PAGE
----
DSME may have cooked its books in 2013, 2014Daewoo Shipbuilding & Marine Engineering (DSME) has revised its earnings reports for 2013 and 2014 due to what it describes as accounting errors - although some suspect cooked books.
According to the Financial Supervisory Service (FSS) on Wednesday, DSME changed its 440.9 billion won ($385.5 million) operating profit reported in 2013 to an operating loss of 778.4 billion won, and revised a 471.1 billion won operating profit in 2014 to a 742.9 billion won loss.
The nation’s financial watchdog said the changes were made after DSME’s outside accounting firm, Deloitte Anjin, confessed to accounting errors in those two years. DSME previously reported it had 5.4 trillion won in losses in 2015, but about 2.433 trillion won of those losses actually came from 2013 and 2014, the accounting firm said.
“We weren’t able to find anything related to accounting irregularities,” DSME CEO Jung Sung-leep said after a company shareholders meeting on Wednesday. “Anjin’s corrections had reasonable grounds.”
Deloitte Anjin said it made errors estimating DSME’s total costs for offshore plant projects. But DSME is now suspected of window dressing its accounts, and the auditor came under fire for mistakes that influenced investment decisions by individual and institutional investors.
The accounting firm said last year there were no errors on their audits.
The FSS has been reviewing Anjin’s audit since January after it found some signs of intentional window dressing. Other shipbuilders, including the nation’s biggest, Hyundai Heavy Industries, and Samsung Heavy Industries, started reporting losses in their offshore plant businesses in 2013, but DSME said it was more efficient and successfully dealt with risks. Deloitte Anjin has been managing DSME’s financial audits since 2010.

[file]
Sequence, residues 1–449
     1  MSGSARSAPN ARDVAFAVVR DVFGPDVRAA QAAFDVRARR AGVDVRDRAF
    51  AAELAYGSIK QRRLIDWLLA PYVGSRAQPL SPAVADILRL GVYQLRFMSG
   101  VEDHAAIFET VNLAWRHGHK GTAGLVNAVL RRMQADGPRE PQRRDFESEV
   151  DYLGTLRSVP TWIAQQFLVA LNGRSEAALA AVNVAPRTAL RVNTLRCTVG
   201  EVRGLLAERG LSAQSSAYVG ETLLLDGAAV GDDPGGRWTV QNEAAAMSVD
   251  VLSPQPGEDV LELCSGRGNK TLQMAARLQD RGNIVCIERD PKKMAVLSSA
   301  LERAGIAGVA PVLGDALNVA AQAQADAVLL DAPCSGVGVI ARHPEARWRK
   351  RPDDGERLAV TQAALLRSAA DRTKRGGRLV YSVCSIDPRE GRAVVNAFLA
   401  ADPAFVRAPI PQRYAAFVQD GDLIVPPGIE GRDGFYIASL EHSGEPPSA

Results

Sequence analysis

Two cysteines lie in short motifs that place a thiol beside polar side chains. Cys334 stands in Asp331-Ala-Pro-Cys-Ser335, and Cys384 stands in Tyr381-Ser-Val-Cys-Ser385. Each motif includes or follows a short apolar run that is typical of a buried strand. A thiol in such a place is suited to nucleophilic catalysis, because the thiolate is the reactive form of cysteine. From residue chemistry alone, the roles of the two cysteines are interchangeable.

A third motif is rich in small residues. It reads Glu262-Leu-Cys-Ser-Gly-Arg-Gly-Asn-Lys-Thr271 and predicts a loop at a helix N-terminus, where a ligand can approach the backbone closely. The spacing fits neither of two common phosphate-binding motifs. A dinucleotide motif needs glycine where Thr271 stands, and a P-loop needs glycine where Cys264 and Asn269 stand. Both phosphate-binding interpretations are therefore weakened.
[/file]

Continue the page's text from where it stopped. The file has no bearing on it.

DSME was the only company reporting profits among the top three shipbuilders in 2014. A share of DSME was traded above 30,000 won that year, but the value had plunged to 5,150 won per share on Wednesday.
Following the correction, lawsuits might be filed by individual and institutional investors.
“The number of calls from individual investors seeking compensation is significantly increasing,” said a spokesman for the law firm Hannuri Law. “We will keep collecting litigants until mid-April.”
Separate from the FSS review, prosecutors are investigating suspected book cooking by former DSME executives, including two former CEOs, Nam Sang-tae and Ko Jae-ho.
“We will continue our audits while listening to DSME and take its explanations into consideration, and determine if the misreported numbers were a genuine mistake,” Park Hee-choon, head of the FSS accounting division, said at a press conference Wednesday.
If the errors were a mistake, a fine of up to 2 billion won could be imposed on the shipbuilder, and Deloitte Anjin could be banned from issuing securities.
BY KWON SANG-SOO, KIM JI-YOON [email@example.com]
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